Longmont City Staff Present Council with Information on Utility Increases

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City staff presented Longmont City Council with the results from the cost of service models for electric and water utilities on Tuesday, August 6.

The results indicated that an adjustment of rates was necessary and presented council with options of annual rate adjustments, “which are primarily driven to fund the Advanced Metering Infrastructure (AMI) investment,” state city council communication.

“The electric utility is proposing a two-year rate schedule (2020 & 2021). This will allow staff to revisit rate setting for 2022 and beyond to take advantage of renewable sources that continue to increase (beyond 50% of the energy mix), emerging advanced energy monitoring and control technologies (AMI and related), and incorporation into the City’s new Customer Information System (CIS) that is expected to be online late 2021/early 2022,” state city council communication.

The model has identified a requirement of $77.3 million, which is an average of the annual estimated expenses in 2020 and 2021. At current electric rates the estimated revenue would be $71.3 million leaving a deficit of $6 million.

In the chart below, city staff have identified the percentage increase per customer class to meet the 8.3% revenue increase needed.

These increases would be expected to be one-time increases with the exception of the residential class. The increase there would be spread over a two-year period.

Major factors affecting the cost of service shown above are:

  • $2 million included per year for Advanced Metering Infrastructure (AMI). This is allocated based on the number of electric meters in each customer class.
  • $2.3 million for the electric utility’s share of the cost of the new Customer Information System (CIS). This is also allocated based on the number of electric meters in each customer class.
  • $2 million for increased wholesale energy costs from PRPA. This increase is due to projected growth of 1% in 2020 & 0.6% in 2021 in combination with expected wholesale energy rate increases of 1.1% for 2020 & 2% for 2021.

Since 88% of the city’s electric meters serve the residential rate class, it is the most impacted by the AMI and CIS costs.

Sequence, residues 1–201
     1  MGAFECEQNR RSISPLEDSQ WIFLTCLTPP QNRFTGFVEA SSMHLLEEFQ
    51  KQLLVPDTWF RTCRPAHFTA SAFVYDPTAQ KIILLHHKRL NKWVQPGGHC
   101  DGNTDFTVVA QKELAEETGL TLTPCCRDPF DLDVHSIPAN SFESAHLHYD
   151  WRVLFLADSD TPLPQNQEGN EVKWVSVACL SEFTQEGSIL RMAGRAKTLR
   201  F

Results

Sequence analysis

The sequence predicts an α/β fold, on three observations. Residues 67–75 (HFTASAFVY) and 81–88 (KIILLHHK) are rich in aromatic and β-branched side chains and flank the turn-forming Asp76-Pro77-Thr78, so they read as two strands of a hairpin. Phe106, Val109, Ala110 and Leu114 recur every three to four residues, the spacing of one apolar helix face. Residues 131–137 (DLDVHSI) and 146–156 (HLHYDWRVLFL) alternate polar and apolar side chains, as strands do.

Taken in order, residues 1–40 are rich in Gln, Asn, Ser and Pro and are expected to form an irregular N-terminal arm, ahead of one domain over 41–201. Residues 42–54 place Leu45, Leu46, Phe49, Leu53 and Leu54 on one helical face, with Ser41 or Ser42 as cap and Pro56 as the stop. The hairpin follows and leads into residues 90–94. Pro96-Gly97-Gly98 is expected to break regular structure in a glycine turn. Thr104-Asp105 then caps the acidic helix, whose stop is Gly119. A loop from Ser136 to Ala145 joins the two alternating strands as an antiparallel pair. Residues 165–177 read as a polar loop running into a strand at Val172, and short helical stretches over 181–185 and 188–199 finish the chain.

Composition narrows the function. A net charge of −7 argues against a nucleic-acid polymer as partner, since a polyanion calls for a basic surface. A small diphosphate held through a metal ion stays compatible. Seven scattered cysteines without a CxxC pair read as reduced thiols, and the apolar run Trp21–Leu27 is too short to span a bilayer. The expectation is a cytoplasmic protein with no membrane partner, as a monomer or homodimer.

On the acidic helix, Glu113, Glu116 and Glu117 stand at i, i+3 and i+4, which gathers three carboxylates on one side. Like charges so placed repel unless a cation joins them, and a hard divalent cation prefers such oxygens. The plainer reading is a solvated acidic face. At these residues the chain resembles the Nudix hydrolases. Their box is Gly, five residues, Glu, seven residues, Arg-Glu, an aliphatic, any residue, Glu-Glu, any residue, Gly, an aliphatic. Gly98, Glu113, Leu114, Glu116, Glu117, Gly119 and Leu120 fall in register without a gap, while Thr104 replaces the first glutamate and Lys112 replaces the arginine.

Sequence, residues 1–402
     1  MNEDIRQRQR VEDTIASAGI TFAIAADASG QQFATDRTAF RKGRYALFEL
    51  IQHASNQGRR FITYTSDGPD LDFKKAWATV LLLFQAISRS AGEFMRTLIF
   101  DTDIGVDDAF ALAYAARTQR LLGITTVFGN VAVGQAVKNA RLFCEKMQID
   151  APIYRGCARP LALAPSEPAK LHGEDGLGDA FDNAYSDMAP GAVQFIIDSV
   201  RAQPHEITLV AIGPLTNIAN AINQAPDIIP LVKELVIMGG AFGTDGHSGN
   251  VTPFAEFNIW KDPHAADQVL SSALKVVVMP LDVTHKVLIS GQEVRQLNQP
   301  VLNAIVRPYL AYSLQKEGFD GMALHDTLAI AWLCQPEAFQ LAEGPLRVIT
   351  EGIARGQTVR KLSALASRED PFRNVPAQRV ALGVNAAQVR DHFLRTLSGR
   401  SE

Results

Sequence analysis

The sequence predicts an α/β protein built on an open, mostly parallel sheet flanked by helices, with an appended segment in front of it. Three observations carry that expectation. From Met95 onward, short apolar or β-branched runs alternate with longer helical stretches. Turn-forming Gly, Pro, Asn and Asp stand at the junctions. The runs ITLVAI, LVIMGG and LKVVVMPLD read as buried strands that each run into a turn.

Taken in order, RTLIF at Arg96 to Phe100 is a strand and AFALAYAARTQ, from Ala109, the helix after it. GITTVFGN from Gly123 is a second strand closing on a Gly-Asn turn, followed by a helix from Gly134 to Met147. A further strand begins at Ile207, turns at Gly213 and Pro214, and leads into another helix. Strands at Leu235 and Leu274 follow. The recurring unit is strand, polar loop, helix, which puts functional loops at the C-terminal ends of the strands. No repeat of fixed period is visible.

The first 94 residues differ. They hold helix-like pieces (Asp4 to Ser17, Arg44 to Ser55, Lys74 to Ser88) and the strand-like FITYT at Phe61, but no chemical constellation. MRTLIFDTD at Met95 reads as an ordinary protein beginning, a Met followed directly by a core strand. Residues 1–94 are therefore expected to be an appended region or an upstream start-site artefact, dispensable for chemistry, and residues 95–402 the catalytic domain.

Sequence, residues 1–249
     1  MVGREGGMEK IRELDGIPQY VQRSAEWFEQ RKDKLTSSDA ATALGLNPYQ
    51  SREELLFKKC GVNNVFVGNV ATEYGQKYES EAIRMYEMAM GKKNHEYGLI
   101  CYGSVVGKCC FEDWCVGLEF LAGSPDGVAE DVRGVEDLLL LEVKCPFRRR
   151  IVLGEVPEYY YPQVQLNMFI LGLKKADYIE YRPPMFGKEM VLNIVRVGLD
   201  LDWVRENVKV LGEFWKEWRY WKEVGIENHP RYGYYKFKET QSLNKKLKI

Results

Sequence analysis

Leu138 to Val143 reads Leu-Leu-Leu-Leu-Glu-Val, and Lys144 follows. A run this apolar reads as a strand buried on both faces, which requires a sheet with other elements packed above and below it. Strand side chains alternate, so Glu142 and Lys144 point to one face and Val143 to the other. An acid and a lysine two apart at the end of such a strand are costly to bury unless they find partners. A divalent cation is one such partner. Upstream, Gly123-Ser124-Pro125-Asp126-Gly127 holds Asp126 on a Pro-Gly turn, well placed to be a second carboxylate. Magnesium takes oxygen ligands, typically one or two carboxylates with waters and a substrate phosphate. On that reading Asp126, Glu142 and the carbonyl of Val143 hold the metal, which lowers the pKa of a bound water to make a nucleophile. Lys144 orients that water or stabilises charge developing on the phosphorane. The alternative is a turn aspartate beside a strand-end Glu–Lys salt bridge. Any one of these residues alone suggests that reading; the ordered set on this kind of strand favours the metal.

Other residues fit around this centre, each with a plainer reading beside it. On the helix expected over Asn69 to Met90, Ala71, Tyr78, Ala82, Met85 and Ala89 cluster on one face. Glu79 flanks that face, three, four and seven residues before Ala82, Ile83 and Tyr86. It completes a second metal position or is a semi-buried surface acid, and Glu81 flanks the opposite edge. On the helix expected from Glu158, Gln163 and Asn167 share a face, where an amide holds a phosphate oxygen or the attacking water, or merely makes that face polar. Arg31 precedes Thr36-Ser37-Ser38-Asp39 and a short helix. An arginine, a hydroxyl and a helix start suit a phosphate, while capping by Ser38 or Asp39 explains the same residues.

The chart below shows the impacts on the residential rate class:

The goal is to fund the AMI project using the Electric Utility’s operating reserves and rate revenue. City staff state, “the benefit of using the Electric Utility’s operating reserves to complete the AMI project is that the project can be funded and completed quickly, while the costs are spread out over a longer term.”

On June 11, 2019, council directed staff to look at different funding models for the AMI project. The following charts are the results of their findings:

What these charts don’t make clear is that they are designed based on the number of meters in each customer class.

Dale Rademacher, deputy city manager, stated to council that how those increases are actually allocated will be brought before council at the end of August. These charts are designed to demonstrate the overall impacts for the community based on number of meters alone.

Rademacher suggested other ideas could include looking at energy use or revenue as options.

For the purposes of the Tuesday night decision, city staff was asking council at which level they proposed funding the project and replenishing the reserve through utility increases.

Council voted 6-1 with Councilmember Joan Peck against to direct staff to use Scenario B: to fund the AMI at $2.5 million per year.

Additionally, council asked staff to look further into allocating the rates by class level and energy use.

On the topic of water, city staff suggested a five-year plan to increase water rates to raise the revenue from $20 million (current revenue) to $29 million, which is a 40% increase.

On June 11, 2019, staff was directed to develop two cost of service analyses. They are represented in the charts below. “Both scenarios include bond financing of the Nelson-Flanders Water Treatment Plant Expansion, which will require a bond election in 2020,” according to city council communication.

Council voted 6-1 with Councilmember Peck against to direct staff to explore Scenario A: to fund proposed 2020-2024 CIP; maintain 8,000 acre-foot participation in Windy Gap Firm Project.

City staff will return to discuss rate options with council in late August or early September.


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